Internal Affairs Investigators Raid NYPD’s Special Victims Division for Third Time
Logbooks were seized as part of an inquiry into misconduct allegations against high-ranking officers in the division that investigates sex crimes.
Last month, the NYPD’s Internal Affairs Bureau (IAB) raided the offices of its Special Victims Division for a third time and seized additional logbooks, two people with knowledge of the investigation told The Appeal.
In February, the IAB seized two logbooks from the Special Victim Division’s Manhattan squad. In September, IAB investigators stormed three of the division’s offices and seized about 30 logbooks dating back to January 2018. The logbooks came from the Special Victims Division headquarters, the Manhattan Special Victims Squad, and the DNA Cold Case Squad in the Bronx, which handled the troubled Harvey Weinstein investigation.
On Monday, a New York judge overseeing Weinstein’s criminal trial on sexual assault charges ruled that Detective Nick DiGaudio cannot be called to testify in the case. DiGaudio had been removed from the investigation after instructing a witness to delete information from her phone and failing to share exculpatory evidence with the Manhattan district attorney’s office. Also on Monday, the Los Angeles County district attorney’s office charged Weinstein with raping one woman and sexually assaulting another in 2013.
On Dec. 26, IAB investigators seized an additional 18 months worth of logbooks from the Transit Special Victims Squad, the Brooklyn Child Abuse Squad, and the Brooklyn Special Victims Squad, according to the two people close to the investigation, who are a former high-ranking law enforcement official and an advocate.
The logbooks, which detail the whereabouts of all Special Victims Division officers, were seized last month because the IAB is scrutinizing inspectors, captains, and chiefs for their supervision of squads under their command, the people told The Appeal.
IAB Group 1—which investigates accusations of misconduct against officers with the rank of captain or above—is handling the inquiry.
The former high-ranking law enforcement official said the IAB is looking into a handful of Special Victims officials who have been accused of violating department policy by coming in late but signing in early—or staying at home while pretending to be at work. Officers are also being investigated for drinking or patronizing bars while on duty.
The IAB is interviewing NYPD officers about Sgt. Keri Thompson, commander of the DNA Cold Case Squad, Lt. Austin Morange, commander of the Manhattan Special Victims Squad, Lt. Leon Mabra, commander of the Bronx Special Victims Squad, and Deputy Inspector Caroline Roe, who oversees the Child Abuse Squads, according to the former high-ranking law enforcement official and the advocate.
Sgt. Thompson supervised the 10-month Weinstein investigation, as well as detective DiGaudio. Though the IAB is not scrutinizing the NYPD’s investigation into Weinstein, problems with the department’s handling of his case could affect the outcome of the trial.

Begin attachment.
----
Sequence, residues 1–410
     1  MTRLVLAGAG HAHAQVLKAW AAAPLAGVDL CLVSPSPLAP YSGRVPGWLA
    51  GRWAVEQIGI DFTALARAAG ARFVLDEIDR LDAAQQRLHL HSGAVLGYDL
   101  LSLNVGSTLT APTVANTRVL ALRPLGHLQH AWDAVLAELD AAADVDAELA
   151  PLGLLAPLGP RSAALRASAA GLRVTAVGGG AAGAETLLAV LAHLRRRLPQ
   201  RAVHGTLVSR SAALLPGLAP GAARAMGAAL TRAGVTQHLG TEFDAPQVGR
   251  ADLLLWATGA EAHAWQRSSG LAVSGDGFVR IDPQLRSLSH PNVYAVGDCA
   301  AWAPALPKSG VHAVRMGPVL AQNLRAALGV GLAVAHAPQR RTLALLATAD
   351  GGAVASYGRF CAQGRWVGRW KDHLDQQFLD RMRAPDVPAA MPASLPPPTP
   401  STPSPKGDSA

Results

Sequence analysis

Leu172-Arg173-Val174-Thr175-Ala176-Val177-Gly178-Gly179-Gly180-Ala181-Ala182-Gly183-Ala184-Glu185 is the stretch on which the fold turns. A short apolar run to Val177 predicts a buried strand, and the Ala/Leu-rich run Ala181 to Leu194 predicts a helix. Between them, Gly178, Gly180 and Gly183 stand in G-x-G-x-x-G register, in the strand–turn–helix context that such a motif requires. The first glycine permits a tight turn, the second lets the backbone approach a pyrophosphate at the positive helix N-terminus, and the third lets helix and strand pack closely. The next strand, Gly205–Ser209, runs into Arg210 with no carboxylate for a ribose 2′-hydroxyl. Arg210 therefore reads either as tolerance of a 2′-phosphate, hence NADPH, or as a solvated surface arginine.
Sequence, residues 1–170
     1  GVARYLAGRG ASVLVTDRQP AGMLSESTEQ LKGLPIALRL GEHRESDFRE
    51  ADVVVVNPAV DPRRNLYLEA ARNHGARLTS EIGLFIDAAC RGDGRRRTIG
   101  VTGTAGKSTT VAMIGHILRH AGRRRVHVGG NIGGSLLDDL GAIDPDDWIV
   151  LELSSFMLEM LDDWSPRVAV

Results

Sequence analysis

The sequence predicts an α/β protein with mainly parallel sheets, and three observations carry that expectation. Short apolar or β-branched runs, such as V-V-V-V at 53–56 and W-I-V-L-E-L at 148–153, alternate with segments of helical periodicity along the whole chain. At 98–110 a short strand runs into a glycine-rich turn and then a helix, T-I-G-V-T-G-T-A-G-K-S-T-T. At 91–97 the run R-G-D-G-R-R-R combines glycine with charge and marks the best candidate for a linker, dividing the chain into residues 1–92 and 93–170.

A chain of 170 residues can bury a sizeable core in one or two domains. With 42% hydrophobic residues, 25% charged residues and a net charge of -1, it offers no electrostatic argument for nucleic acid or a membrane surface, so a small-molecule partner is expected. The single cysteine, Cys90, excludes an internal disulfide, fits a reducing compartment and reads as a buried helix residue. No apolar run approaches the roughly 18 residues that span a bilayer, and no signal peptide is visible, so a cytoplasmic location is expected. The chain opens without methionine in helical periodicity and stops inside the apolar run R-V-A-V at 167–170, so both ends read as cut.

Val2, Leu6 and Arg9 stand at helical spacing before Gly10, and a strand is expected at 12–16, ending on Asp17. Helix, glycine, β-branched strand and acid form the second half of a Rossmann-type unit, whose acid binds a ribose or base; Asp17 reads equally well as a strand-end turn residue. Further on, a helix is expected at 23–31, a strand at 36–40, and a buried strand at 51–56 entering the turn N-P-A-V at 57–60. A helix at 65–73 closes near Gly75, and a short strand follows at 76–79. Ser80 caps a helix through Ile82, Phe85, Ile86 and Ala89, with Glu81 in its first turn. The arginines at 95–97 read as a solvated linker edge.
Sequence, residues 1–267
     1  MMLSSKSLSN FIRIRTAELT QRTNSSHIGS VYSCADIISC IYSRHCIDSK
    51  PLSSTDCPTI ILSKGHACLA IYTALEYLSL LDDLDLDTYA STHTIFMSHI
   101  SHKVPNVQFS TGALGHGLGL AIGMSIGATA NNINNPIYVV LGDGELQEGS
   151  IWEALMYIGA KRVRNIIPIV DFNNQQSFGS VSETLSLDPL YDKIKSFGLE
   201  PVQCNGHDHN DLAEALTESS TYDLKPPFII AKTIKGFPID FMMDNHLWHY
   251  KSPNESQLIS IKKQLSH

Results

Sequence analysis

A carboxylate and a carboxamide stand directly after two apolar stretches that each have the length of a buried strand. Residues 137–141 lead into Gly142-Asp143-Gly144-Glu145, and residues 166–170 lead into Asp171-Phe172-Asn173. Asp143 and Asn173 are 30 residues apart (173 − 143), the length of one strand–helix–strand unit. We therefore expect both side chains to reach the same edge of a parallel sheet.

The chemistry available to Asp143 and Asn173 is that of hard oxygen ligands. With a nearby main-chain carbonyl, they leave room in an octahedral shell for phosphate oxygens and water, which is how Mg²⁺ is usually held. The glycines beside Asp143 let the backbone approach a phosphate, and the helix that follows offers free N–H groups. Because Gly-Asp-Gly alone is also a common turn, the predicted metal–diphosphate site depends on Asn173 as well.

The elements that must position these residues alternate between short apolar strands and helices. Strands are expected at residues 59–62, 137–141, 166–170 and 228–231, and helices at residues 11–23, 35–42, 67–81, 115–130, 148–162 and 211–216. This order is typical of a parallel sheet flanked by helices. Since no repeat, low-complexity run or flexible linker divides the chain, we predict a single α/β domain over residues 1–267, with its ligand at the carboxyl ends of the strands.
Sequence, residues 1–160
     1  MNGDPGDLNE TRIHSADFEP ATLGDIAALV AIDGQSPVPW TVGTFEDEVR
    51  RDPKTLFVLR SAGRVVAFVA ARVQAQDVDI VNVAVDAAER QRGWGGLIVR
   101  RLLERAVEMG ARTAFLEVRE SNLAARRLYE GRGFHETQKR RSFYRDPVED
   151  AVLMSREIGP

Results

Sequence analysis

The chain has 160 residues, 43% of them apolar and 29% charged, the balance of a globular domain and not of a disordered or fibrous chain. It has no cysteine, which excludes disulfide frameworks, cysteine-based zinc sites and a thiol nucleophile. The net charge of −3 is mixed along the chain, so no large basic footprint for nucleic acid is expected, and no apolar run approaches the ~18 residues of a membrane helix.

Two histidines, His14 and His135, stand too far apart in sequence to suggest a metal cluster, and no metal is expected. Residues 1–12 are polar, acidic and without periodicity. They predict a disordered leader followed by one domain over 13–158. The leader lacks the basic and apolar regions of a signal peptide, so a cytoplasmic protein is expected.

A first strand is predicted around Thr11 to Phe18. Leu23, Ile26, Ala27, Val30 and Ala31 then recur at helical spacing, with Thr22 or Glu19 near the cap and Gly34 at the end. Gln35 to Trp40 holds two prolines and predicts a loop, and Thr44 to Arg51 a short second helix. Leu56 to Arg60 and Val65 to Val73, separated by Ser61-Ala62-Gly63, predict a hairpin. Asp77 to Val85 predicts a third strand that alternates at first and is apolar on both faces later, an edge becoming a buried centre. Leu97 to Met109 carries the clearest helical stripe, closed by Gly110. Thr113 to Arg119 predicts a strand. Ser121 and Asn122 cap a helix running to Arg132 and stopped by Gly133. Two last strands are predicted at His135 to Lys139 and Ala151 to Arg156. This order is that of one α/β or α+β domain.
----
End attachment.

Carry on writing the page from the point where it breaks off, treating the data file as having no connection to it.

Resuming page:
None of the four officers responded when contacted by The Appeal.
Devora Kaye, acting deputy commissioner of public information for the NYPD, declined to comment when asked by The Appeal to confirm, deny, or clarify the involvement of these four Special Victims officers in the IAB investigation. Kaye also declined to comment specifically on the alleged misconduct that the IAB is investigating as well as the most recent IAB raid. Kaye said the IAB investigation “is under internal review” and pointed to her previous statements about the inquiry.
In September, Kaye said the IAB was examining “isolated incidents” involving misuse of time and a department vehicle by the division’s officers. Kaye also maintained that the inquiry had nothing to do with the SVD’s official duties. Yet that same day, the New York Times reported that IAB investigators were also searching for dozens of rape kits that Bronx detectives had picked up from local hospitals but never submitted for testing.
“If you’re stealing hours away from your job when you’re investigating sex crimes cases, that’s definitely going to impact the work,” Jane Manning, director of the Women’s Equal Justice Project, told The Appeal.
“I think in the next 1-2 months, [the IAB investigation] will wrap up, they’ll be severely disciplined, 1-2 might be arrested, they’ll all be transferred, and it will be ugly,” the former high-ranking law enforcement official told The Appeal.
The IAB investigation is the latest crisis for the Special Victims Division, which investigates adult sex crimes and crimes against children. In March 2018, New York City’s Department of Investigation (DOI) released a report finding that the division was understaffed and under-resourced for nine years, despite recommendations from an NYPD working group and warnings from the division’s leadership. The report included internal NYPD documents obtained by the DOI that “acknowledge that many sexual assault cases are not properly investigated due to staffing and resource limitations.”